I was also faced with a dilemma. As a young man I had suffered an injury to my hip. With hip implant surgery I recovered and was able to do most things, including restoring old Victorian houses. But with age, I started losing mobility. By the time we moved to New York City it was getting harder for me to get around. I often had to resort to a cane. We thought it would be best if I would take care of all the chores and shopping during the week so we could enjoy all the sights and entertainments of the city on weekends. Nonetheless, this left me with much time on my hands which I tried to fill by reading history books. Once I became bitten by the model railroad bug, I thought I could do the modeling in our apartment, box them up and then bring them back to our townhouse in Frederick to eventually put on a layout. This I did on a tiny dinning table we had at the apartment which every late afternoon I would clean off for dinner.
I went to a hobby shop and got a Walthers catalog, magazines, and some how-to books, including John Pryke’s Building City Scenery for Your Model Railroad. As soon as I saw this a modeling concept began to slowly develop in my mind: a steel mill town in Pennsylvania that would have an electrified portion of the Pennsylvania Railroad passing through a steel manufacturing city with an anthracite railroad servicing the mills not unlike Bethlehem, PA. My uncle’s comment about Hellfire, Brimstone and Damnation some 60 years prior was reborn as my model railroad.
Conceiving of a model railroad and delivering it now presented many challenges. A townhouse does not have much basement space and we had already turned it into a combination office, library and entertainment room. With some ingenuity we converted a guest bed room into an office for Betty. Bookcases were moved to create a wall. This then left me with an area of about 19 by 11 feet. Not a lot of space, but enough for a respectable layout.
Next came the challenge of how to work in all the catenary and cables required for GG1’s. I knew that modeling this would require a lot of work, possibly consuming too much time from getting the rest of the layout done. I came up with the idea of building the city on a platform above the catenary system which could serve as a staging for these trains to appear and reappear. Thus, only a simple loop of track would be necessary for the GG1’s to play their part. To protect the pantographs as they went through under the city, Betty came up with a solution to use fasten discarded engineering drawings that had been printed on large sheets of plastic under the platform, allowing the pantographs to slip underneath.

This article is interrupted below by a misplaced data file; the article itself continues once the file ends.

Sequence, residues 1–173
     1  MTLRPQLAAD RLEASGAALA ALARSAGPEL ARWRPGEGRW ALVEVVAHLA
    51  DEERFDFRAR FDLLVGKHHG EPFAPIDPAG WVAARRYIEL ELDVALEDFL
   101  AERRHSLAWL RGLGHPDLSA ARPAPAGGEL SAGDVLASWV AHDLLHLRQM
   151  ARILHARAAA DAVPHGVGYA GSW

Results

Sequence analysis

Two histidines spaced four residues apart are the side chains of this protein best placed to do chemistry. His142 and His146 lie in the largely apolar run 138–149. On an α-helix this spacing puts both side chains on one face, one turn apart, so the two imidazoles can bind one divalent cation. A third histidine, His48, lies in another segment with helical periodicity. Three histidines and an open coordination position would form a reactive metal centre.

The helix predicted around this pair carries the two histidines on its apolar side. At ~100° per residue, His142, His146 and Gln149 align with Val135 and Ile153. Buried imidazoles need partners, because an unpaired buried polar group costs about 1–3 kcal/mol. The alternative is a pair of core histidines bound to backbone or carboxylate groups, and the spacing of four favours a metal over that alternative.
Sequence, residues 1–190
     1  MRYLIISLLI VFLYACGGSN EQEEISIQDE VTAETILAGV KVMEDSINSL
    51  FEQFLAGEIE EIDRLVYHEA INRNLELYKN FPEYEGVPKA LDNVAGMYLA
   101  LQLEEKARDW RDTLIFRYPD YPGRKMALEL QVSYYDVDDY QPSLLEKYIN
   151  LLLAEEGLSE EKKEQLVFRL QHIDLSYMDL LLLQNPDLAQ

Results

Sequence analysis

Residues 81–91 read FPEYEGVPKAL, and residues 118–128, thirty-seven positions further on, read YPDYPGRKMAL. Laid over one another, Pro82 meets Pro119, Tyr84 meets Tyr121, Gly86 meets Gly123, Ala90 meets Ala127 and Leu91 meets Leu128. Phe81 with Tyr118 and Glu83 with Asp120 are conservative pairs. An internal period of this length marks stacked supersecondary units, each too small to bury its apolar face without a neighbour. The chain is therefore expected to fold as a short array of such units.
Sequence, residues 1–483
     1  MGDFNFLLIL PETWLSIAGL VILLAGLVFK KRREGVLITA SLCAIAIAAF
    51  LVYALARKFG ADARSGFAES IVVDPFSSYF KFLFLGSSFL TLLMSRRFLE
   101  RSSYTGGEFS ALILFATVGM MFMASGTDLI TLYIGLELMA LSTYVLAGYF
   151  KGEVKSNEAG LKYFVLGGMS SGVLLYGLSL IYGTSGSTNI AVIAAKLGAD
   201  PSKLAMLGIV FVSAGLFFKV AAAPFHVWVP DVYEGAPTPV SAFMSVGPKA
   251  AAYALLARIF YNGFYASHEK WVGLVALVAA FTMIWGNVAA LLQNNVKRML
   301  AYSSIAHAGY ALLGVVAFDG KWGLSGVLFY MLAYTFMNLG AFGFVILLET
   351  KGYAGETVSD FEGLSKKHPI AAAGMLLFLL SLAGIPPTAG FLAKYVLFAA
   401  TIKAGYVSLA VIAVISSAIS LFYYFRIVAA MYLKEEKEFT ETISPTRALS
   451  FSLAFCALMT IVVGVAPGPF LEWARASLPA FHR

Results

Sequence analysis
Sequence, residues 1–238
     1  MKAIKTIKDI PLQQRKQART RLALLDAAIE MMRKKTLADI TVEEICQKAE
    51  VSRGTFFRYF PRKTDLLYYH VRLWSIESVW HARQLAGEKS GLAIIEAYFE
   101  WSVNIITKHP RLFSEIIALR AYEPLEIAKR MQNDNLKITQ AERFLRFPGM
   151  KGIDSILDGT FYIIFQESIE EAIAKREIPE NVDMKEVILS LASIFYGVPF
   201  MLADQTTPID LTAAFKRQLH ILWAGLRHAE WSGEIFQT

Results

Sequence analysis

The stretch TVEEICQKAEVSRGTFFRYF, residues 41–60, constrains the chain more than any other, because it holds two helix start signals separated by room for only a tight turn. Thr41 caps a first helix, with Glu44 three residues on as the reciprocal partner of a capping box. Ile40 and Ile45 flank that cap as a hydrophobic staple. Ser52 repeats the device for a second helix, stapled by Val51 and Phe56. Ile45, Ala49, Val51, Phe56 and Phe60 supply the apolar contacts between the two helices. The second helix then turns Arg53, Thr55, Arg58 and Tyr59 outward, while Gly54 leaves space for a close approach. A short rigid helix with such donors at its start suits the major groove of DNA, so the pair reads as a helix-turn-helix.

I also had only built a few models as a kid. All my life had been spent in building the macro not the micro. I decided to test my modeling skills by building the blast furnace kit first. I figured if I could build that, I could build anything. This was a challenge trying to build this on our tiny dining table at the New Jersey apartment. Nonetheless, the parts held together enough for me to be able to transfer the model each evening to a small cabinet top a few feet away.
I chose the Fall of 1937 for the setting of my layout for several reasons. First it was the “depression within the Great Depression.” This was so called because as the New Deal programs began to cause a recovery in the economy, Roosevelt desired to do some budget cutting. This resulted in a recessionary economy which did not recover until the Lend-Lease policy started in 1939.
I think that a layout should tell a story. The Great Depression opens a panorama of possible stories to be told in miniature scenes which I love to do: including hobo jungles, shanty towns, red light districts and tenement life. The New Deal programs hired photographers to go forth into the nation and record daily life in the 1930’s. This provided me with all sorts of prototypes to work from especially industrial scenes. It was also the point when the Pennsylvania Railroad was completing the electrification for the GG1. Dating a layout to a fairly specific date helps to eliminate anachronisms. I chose the fall season because it presents many interesting scenic possibilities and adds color to the depressing rust and grimy black of industry.
[This is the first part in a short series from Bob describing the history and construction of his layout. To read part 2 click HERE. -Ed.]